What counties say might be a far cry from what they do
10/27/2008 2:47 AM
10/28/2008 7:37 AM
County leaders throughout the San Joaquin Valley have a hard time practicing what they preach about smart growth, a comprehensive planning survey reveals.
Despite near-universal agreement that development should be channeled into cities, six of the valley's eight counties approved more than 400 homes in each of their respective unincorporated areas in 2006.
"If you look at their general plans, they all say the right things -- 'Direct growth away from the best lands and into cities; create mixed-use, walkable cities' -- but none of that is happening," said Ed Thompson, state director for American Farmland Trust. He has studied growth patterns in the valley for five years and advocates against prematurely developing rural areas.
Planning officials in the valley's eight counties and 60 cities provided data in late 2007 and early 2008 for the far-ranging smart growth audit, sponsored by The Modesto Bee in cooperation with the Great Valley Center.
With overall scores ranging from 54 to 70 percent, the eight counties collectively performed better than the 60 cities, whose scores ranged from 28 to 80 percent.
The portion measuring county policies featured 40 questions in seven categories, compared with 55 questions in nine categories on the cities survey.
Cities are better equipped to accommodate growth, experts agree. But developers often salivate over raw, rural land because city lots are much more expensive and harder to find in quantities that would support an entire subdivision, where serious money can be had. Also, cities generally charge more in development fees.
The counties collectively appear strongest in categories measuring adequate fees and protection of farmland and natural resources. The last category produced the only perfect scores, achieved by San Joaquin, Madera and Kern counties, as well as the only score of zero for a single category; Kings County reported having no policy protecting creeks, streams or native trees.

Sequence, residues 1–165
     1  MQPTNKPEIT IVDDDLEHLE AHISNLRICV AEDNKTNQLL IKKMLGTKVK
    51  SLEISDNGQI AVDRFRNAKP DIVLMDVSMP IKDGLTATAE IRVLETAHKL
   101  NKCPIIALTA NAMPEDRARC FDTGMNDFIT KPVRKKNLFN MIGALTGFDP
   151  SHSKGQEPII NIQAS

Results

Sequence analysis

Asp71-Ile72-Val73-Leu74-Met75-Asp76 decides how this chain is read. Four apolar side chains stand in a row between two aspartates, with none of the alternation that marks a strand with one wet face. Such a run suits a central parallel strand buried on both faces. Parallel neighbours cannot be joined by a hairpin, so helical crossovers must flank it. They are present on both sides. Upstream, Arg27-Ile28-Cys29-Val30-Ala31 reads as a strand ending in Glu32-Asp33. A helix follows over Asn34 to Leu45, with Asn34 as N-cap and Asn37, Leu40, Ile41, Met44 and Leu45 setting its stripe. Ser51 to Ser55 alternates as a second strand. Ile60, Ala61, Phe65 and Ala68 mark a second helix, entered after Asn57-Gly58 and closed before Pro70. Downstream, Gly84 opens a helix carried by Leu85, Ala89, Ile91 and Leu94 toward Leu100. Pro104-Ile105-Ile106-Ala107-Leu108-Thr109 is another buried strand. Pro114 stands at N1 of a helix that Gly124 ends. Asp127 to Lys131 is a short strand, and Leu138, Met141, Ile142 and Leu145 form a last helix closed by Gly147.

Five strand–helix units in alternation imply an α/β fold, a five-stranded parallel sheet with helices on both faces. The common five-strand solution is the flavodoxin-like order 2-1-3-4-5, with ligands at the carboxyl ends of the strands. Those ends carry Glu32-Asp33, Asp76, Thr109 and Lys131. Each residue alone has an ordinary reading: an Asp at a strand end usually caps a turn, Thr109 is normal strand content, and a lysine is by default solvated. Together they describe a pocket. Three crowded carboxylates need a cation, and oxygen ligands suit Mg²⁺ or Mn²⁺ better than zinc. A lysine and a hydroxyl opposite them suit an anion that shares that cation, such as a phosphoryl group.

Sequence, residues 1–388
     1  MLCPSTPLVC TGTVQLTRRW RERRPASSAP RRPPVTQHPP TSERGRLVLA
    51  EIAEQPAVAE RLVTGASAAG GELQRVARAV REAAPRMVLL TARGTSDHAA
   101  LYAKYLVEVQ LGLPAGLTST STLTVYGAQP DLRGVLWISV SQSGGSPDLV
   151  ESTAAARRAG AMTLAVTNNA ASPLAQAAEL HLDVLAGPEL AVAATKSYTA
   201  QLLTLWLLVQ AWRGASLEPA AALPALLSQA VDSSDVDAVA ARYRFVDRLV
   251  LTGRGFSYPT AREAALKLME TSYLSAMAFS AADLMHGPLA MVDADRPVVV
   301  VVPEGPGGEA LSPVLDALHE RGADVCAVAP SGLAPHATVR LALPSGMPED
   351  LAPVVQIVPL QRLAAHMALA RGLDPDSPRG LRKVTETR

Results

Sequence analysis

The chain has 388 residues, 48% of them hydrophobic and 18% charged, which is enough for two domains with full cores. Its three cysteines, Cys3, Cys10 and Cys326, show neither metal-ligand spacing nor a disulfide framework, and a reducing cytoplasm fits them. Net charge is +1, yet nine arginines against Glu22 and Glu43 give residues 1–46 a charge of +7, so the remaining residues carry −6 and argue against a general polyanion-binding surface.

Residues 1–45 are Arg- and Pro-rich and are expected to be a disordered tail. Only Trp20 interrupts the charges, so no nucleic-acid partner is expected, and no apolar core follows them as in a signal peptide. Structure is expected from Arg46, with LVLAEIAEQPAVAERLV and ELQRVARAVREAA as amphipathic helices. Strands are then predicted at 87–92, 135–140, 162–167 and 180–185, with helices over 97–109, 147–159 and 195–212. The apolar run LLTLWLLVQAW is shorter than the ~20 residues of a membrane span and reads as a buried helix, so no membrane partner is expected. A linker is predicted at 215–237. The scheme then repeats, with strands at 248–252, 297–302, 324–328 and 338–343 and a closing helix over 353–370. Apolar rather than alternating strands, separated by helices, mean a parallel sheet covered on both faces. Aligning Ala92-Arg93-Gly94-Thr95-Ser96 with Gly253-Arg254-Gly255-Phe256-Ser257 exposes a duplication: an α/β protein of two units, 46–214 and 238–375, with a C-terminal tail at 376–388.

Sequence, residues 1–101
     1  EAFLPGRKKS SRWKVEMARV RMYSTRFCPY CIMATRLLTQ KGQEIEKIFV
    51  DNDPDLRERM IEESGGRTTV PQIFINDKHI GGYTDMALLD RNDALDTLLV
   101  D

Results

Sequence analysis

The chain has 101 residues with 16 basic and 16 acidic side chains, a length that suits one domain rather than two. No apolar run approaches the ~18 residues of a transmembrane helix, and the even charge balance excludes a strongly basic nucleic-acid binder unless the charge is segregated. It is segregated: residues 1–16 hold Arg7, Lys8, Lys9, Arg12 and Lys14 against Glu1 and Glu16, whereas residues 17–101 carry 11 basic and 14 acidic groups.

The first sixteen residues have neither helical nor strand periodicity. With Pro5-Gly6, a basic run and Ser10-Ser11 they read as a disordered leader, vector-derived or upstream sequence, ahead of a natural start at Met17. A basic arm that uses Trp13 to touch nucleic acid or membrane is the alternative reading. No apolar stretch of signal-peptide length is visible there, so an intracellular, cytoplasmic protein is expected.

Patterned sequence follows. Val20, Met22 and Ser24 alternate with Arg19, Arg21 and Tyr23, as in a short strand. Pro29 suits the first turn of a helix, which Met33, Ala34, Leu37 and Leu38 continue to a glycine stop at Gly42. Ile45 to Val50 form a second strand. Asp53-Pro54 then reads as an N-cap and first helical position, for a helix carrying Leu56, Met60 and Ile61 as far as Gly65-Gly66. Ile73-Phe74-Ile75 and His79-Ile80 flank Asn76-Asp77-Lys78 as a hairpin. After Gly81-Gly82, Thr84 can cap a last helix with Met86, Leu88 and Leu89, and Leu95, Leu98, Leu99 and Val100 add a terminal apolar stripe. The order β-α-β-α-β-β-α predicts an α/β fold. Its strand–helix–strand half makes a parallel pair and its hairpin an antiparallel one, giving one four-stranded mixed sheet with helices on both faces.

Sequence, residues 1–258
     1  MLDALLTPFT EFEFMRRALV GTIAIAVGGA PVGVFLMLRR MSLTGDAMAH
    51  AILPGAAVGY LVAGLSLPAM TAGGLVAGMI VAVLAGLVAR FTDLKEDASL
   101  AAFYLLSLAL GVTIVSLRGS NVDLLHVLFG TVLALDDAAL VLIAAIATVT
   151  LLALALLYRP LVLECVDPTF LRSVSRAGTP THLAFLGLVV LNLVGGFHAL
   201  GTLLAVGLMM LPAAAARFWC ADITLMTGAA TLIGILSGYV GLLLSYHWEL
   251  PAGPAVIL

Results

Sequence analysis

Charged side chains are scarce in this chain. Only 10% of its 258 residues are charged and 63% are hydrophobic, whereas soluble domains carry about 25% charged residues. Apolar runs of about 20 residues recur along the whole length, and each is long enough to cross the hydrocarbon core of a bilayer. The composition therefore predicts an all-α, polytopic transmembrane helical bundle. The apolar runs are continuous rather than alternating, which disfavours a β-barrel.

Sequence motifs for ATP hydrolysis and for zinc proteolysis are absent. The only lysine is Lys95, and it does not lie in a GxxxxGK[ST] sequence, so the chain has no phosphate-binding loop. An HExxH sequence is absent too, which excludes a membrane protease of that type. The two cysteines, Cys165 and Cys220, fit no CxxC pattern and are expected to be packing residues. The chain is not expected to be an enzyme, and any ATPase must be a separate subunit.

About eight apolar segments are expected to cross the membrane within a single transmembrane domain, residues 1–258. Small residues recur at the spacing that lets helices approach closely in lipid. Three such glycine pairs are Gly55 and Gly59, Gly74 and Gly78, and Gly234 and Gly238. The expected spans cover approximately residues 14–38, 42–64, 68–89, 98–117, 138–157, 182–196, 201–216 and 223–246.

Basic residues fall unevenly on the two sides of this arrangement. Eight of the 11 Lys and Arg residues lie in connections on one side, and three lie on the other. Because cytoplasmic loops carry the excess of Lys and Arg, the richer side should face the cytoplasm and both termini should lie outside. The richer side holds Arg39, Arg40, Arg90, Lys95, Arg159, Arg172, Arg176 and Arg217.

Tulare County takes top honors among the eight overall, largely thanks to a long tradition of progressive smart growth policies. Critics within say that new leaders, how- ever, are picking apart those policies and making it much easier to develop in rural, unincorporated areas.
"It's not the intention of the board to direct growth anywhere. The market will do that," said Tulare County Supervisor Allen Ishida. "But we need to give the opportunity to grow. Zoning creates economic opportu-nity."
The county survey seemed to give little advantage to the valley's largest locales. Fresno and Kern counties, both about twice the size of Tulare by population, rank third and fourth among the eight.
The three smallest counties by far, however -- Kings, Madera and Merced -- landed in the three bottom spots.
Though four Stanislaus County cities finished among the Top 10 in city rankings, Stanislaus ranked an unremarkable fifth among counties. Stanislaus, whose planners approved 456 homes in unincorporated areas during 2006, finished second-to-last in the counties' development category, with a score of 21 percent.
Measure E, also known as the Stamp Out Sprawl initiative approved by Stanislaus voters in February, could change that in future studies by directing growth into cities.
Bee staff writer Garth Stapley can be reached at email@example.com or 578-2390.
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